Fewer folks know the AK 74 (well) than do the AK 47 (or AK 103, or any of its other brethren. We kinda like ’em all. Why? Because while some vodka blasters are more fun than others, and some perform better than others, they’re all a good time. And anyway, it’s always fun to play rifle dress-up.
This article first ran on June 13, 2017.
The life cycle of the AK-74 in American gun culture might be called a comedy of errors. None of the AK 74 variants have ever shared the widespread commercial success of its older brother, despite some very legitimate advantages in its caliber. The 5.45x39mm cartridge, vice its 7.62mm sibling, is lighter recoiling and flatter shooting with arguably better performance in soft tissue, depending on what literature you read.
Also, up until a few years ago, you could buy a thousand rounds for less money than a showgirl can fit in her G-string (but she’s saving that money to get through med school, we’re sure of it). Despite the coffin lid that got nailed over top of the 5.45mm ammo market, which is a song for another time, said bullets are still available and still competitive with 5.56 or 7.62×39. But for those of us who have ‘74s or those of you considering one, the aftermarket is decidedly thin. So we’re going to talk a bit about what’s available and how it can help your underdog AK be all that it can be.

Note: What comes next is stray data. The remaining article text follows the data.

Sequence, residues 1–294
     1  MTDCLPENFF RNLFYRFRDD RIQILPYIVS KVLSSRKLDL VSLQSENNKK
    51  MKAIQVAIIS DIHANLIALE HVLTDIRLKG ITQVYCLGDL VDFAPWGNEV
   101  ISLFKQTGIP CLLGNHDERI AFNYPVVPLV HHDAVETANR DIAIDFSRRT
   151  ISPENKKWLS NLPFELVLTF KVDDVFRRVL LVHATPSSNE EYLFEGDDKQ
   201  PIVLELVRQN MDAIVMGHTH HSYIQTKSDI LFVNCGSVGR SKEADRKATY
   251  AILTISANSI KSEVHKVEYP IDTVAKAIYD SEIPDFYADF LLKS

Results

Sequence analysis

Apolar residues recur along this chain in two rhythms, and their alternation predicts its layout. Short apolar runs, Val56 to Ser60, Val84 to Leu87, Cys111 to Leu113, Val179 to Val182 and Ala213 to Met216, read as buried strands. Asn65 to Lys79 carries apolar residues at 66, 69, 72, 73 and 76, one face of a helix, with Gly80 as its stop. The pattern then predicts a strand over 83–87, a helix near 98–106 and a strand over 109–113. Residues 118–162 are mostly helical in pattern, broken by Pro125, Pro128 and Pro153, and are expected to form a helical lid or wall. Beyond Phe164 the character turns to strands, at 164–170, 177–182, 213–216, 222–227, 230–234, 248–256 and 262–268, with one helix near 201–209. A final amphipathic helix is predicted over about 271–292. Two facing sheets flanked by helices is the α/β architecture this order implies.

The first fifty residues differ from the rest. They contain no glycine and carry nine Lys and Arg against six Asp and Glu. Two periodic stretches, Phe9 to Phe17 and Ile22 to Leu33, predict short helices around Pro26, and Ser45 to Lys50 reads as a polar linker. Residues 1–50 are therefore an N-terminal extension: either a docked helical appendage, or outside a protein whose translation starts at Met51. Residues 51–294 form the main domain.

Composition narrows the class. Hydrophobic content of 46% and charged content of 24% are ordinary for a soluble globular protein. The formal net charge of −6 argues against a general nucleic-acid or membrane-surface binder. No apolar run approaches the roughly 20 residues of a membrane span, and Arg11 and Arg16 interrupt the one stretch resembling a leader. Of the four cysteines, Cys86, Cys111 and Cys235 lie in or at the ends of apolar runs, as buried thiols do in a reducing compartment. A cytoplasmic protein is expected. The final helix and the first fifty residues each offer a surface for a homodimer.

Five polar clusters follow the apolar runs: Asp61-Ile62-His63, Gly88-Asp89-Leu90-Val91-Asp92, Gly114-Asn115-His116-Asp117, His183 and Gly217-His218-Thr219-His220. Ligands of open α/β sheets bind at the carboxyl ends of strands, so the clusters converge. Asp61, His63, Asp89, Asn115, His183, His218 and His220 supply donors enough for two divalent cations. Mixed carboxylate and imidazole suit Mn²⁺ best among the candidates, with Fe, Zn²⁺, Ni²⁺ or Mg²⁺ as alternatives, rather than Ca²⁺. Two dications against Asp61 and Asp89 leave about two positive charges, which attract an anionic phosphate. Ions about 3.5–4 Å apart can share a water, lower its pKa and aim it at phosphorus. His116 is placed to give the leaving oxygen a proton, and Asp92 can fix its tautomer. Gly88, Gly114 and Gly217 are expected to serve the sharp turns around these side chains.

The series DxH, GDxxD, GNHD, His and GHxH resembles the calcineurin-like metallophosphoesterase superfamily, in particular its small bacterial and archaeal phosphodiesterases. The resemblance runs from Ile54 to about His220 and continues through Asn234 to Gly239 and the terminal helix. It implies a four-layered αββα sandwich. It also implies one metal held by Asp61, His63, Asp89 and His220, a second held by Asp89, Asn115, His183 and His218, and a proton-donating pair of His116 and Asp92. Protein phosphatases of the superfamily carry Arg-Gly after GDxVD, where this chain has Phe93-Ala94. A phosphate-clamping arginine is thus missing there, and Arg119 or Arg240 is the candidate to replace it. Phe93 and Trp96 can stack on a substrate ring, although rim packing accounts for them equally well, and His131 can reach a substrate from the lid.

If you have a poster on the ceiling over your bed that says “Nyet! Rifle is fine!”, go take a blood pressure pill and a few deep breaths before you go any further. For everyone else, there are a handful of really good companies out there making AK-74 upgrades. The build you’ll see here is one way to go. There are other options and you may like those better, we just wanted to give you an idea of what’s available.
Da Tovarisch, Is Petronov Armament AK 74!
Our base gun was built by Petronov Armament in Phoenix, AZ. You may not know their name, but they do OEM builds for a number of AK distributors and their craftsmanship is top notch. From the day we picked it up, this gun never had any of the clunk or rattle commonly accepted in these guns. If you’re in the market for an AK of any caliber, give Petronov a call and tell them the Mad Duo sent you.